(Kirby Dick and Amy Ziering Kofman, 2002)
Nonfiction filmmaking holds a strong appeal for many committed directors and producers. This ongoing series lets you sample wide-ranging approaches to the contemporary documentary.
Derrida is an intimate, playful portrait of the French philosopher said to have "changed not the way you think about everything but everything about the way you think."
Best known for pioneering the philosophical idea of "deconstruction," Jacques Derrida has led a radical rethinking of the precepts on which Western metaphysics are founded. Not a conventional biography nor a dry analysis of his thought, this film portrait (much in the spirit of Derrida's own writing) investigates the concept of biography itself, using interviews and footage of Derrida in private life and in the lecture hall to question the relationship between one's life and one's work.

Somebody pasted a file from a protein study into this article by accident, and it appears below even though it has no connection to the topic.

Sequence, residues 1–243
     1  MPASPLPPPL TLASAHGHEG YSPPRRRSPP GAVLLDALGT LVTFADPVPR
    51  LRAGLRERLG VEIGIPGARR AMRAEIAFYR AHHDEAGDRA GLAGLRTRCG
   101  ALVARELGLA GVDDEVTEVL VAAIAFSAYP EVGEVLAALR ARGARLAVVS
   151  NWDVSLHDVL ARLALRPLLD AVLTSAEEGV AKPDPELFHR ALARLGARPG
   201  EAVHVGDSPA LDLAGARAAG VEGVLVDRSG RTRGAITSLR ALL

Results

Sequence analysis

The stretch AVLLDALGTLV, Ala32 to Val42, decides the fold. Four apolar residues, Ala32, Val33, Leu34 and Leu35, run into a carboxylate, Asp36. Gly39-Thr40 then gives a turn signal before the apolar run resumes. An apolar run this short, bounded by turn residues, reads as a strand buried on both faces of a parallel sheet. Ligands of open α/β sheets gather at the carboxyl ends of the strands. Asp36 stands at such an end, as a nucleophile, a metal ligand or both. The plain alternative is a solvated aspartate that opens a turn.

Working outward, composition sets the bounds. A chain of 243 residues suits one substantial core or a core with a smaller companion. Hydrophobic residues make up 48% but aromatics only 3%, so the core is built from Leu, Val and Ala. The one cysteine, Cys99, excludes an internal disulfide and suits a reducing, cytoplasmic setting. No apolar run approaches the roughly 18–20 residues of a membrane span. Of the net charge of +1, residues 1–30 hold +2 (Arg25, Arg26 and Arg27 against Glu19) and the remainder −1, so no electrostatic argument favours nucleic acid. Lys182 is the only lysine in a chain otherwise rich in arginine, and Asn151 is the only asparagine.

Codirector Kirby Dick is best known for Sick: The Life and Death of Bob Flanagan; codirector Amy Ziering Kofman studied with Derrida at Yale. With music by Ryuichi Sakamoto. (85 mins.)
$5 students (tickets required)
Support for the 2002–03 film/video season provided by the Rohauer Collection Foundation and the Corporate Annual Fund of the Wexner Center Foundation.
International films, documentaries, and visiting filmmaker presentations presented with support from the Ohio Arts Council.